Segregated housing exhibit on display in June

Exhibit at church features photographs, documentation of housing discrimination

By Justin A. Hinkley
Battle Creek Enquirer

BATTLE CREEK, Mich. (AP) — Because of decades of discriminatory practices and policies in the housing market, Detroit is the most segregated city in America, a recent study found.

And, with an exhibit scheduled for June, the Women’s Co-op hopes to show Battle Creek isn’t much different.

From June 7 to 14 at Trinity Lutheran Church, the Co-op will host “We Don’t Want Them: Race & Housing on Trial,” a traveling exhibit put together by the Michigan Roundtable for Diversity & Inclusion.
The Co-op partnered with Creating Change and the church to bring the exhibit to Battle Creek, according to the Battle Creek Enquirer.

According to a brochure for the exhibit, it features photographs, documentation and stories of housing discrimination throughout Detroit’s past.

The stories cover everything from “Sundown Towns,” which were parts of Detroit that, though never explicitly written, blacks were expected to leave before dusk, to explicit policies by government officials and real estate agents that defined the areas blacks were allowed to purchase homes. It tells the story of blacks who faced relentless persecution by their neighbors if they dared to live outside the confined spaces.

Using U.S. Census Bureau data analyzed by Brown University researcher John Logan and Florida State University’s Brian Stults, Business Insider recently labeled Detroit the U.S.’s most segregated city. A map compiled by Business Insider clearly shows blacks relegated to the inner city while the suburbs are dominated by whites.

During the Co-op’s exhibit, visitors will be asked to select push-pins representing their ethnicity and mark on a large map of Battle Creek where they live, said Teresa Phillips, executive director of the Women’s Co-op. She said the exercise would show segregation in the Cereal City.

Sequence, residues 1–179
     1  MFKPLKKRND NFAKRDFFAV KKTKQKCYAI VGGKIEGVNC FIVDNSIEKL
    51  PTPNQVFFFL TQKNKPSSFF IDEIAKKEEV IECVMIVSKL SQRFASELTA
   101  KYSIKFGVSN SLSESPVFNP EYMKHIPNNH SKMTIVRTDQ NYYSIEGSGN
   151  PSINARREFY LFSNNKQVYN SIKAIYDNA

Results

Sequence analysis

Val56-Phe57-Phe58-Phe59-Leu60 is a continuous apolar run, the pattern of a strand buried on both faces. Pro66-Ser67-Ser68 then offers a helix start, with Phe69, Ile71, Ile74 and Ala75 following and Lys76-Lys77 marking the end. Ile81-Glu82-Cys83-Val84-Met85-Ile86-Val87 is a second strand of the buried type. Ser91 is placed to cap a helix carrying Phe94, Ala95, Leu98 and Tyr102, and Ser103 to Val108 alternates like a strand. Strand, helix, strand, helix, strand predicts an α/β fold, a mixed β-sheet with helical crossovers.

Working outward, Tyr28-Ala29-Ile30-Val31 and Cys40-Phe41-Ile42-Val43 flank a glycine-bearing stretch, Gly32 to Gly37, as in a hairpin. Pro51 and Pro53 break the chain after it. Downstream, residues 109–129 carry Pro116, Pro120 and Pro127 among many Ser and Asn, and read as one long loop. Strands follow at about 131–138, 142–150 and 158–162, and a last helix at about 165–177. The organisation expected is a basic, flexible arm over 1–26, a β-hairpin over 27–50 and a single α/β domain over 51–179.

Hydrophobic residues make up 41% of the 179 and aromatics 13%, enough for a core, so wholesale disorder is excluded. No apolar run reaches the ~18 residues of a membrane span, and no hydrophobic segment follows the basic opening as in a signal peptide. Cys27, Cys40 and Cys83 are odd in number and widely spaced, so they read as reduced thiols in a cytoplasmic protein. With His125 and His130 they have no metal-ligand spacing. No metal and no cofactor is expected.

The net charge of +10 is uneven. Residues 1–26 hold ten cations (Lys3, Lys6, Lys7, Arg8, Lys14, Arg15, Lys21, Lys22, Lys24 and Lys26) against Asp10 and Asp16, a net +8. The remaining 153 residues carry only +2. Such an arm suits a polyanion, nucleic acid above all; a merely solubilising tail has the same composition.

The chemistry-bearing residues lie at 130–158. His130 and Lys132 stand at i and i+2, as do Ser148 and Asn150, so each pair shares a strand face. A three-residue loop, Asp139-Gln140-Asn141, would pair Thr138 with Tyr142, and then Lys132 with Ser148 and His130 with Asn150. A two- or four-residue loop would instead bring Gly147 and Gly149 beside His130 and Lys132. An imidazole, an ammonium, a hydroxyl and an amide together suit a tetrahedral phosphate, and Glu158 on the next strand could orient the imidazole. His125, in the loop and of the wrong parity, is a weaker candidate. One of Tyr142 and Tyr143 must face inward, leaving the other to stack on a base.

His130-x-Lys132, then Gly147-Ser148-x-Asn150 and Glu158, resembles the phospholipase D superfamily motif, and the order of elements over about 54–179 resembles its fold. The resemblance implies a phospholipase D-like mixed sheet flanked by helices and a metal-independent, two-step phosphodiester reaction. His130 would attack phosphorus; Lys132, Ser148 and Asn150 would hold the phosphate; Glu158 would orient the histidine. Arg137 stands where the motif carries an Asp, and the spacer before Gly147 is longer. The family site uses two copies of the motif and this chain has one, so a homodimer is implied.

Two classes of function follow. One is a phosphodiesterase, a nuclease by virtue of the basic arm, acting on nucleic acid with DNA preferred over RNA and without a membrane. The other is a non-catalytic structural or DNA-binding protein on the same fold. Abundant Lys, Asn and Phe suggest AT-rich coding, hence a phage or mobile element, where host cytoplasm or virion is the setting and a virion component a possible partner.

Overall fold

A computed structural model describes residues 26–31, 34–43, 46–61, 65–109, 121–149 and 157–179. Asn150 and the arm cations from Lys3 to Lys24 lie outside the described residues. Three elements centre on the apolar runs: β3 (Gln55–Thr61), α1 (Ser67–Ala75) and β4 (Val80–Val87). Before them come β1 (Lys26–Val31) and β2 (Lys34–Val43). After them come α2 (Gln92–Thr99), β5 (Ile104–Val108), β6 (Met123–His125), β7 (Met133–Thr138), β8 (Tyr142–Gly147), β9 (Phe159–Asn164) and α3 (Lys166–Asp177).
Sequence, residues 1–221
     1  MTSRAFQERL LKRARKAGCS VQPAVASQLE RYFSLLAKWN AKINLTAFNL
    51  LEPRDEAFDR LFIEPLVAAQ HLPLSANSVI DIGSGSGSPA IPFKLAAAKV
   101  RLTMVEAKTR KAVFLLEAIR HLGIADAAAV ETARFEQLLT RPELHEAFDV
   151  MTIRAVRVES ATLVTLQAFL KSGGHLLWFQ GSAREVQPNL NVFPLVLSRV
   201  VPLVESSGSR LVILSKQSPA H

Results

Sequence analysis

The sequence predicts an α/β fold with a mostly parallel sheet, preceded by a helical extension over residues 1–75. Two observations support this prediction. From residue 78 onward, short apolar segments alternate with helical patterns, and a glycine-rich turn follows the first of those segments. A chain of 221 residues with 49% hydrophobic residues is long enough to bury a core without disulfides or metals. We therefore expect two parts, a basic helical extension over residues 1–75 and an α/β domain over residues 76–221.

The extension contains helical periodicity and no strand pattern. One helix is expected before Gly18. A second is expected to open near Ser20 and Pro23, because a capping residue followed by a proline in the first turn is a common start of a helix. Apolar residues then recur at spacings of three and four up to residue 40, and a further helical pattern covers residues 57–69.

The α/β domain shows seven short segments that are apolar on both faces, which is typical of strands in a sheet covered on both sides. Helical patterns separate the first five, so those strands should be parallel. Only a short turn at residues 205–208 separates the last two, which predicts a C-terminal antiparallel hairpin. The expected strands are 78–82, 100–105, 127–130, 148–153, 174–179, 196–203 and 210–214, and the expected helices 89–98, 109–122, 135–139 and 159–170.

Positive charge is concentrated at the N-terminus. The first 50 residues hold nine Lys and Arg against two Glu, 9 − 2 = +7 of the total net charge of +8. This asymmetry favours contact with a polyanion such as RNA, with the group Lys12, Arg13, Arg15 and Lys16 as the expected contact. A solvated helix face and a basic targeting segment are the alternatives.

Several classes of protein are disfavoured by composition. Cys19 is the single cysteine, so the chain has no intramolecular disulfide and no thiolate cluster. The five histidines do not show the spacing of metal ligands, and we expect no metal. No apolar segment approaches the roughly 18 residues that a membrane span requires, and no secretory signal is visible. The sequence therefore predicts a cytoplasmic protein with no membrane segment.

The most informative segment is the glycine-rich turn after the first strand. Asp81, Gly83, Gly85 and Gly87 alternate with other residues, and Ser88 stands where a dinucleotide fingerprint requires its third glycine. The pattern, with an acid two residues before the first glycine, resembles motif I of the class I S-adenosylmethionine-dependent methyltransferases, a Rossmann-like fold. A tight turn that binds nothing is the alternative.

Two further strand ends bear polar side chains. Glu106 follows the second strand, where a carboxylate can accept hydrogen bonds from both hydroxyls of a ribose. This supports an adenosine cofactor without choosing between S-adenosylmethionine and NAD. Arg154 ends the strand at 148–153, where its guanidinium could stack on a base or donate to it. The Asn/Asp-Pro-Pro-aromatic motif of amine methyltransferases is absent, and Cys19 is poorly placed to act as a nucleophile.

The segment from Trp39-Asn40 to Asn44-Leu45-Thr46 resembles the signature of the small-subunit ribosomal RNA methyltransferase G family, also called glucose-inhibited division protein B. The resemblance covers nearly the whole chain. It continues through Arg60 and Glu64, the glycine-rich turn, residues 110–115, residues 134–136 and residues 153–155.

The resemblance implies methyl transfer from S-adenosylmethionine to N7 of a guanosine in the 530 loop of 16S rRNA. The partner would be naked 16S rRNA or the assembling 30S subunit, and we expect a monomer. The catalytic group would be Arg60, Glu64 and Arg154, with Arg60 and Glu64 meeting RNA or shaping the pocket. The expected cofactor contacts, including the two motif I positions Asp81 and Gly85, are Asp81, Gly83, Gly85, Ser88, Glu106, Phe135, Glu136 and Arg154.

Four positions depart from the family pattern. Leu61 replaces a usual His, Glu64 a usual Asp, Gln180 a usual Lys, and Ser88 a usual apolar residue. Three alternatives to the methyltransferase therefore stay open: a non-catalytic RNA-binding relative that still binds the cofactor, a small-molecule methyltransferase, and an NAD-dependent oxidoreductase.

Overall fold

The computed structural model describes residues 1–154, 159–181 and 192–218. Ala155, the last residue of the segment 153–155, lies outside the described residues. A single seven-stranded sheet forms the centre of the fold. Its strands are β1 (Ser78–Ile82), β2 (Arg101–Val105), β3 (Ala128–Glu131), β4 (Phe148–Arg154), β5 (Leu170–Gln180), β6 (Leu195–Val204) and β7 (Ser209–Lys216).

But Census data already shows a divided community here.

Census maps of Battle Creek show blacks in this city are almost exclusively confined to city center, bordered on the south and north by Goguac Street and Yawger Road and on the east and west by Waubascon Road/Limit Street and North Avenue. Neighborhoods in that area are as much as 100 percent black, while bordering neighborhoods never top 30 percent black and our suburbs are 90-or-more percent white.

The maps show virtually no change from at least 1970, challenging any idea that we are part of a post-racial America.

And, because of inequities in the job market and other factors, racially segregated neighborhoods  also tend to be economically segregated.

While the Census neighborhood maps didn’t have economic data, Census data on the city’s school districts did. And those numbers show the gap between the richest and poorest neighborhoods is getting wider.

In 2000, the poorest households in the Battle Creek area fell within the borders of Battle Creek Public Schools, where the median household income was $30,797, according to Census data provided by the National Center for Education Statistics. With a median household income of $47,919, the richest neighborhoods were within Harper Creek Community Schools’ borders. The gap between the two was $17,122.

A decade later, BCPS still contained the poorest neighborhoods and Harper Creek the richest, but the income gap between the two had grown 16 percent.

BCPS housed 81 percent of the city’s blacks.

Phillips, who works with some of the city’s neediest women, said such racial and economic segregation stifles opportunities for those trapped in poor, minority neighborhoods. Grocery stores aren’t built there, nor are quality jobs created. And the concentrated poverty makes such neighborhoods more prone to crime.

Becoming involved in crime or staying impoverished “isn’t something that anybody teaches me,” Phillips said. “It’s something that I see. So if I don’t get to see other things, it’s very limited what I might become . You create generations and generations and generations, so it’s easy to see how we could be looking at a problem that was created 100 years ago.”

But she said she hopes the exhibit also addresses the untrue stereotype that only criminals live in segregated neighborhoods.

Phillips said she hasn’t researched whether some of the discriminatory practices seen in Detroit were happening here, but she said she was more interested in the “ripple effects” being felt today than the cause.

“Obviously, we see it,” Phillips said. “Do we know how it got there? No. But that’s not really the point . the point is, where we are and where we need to be.”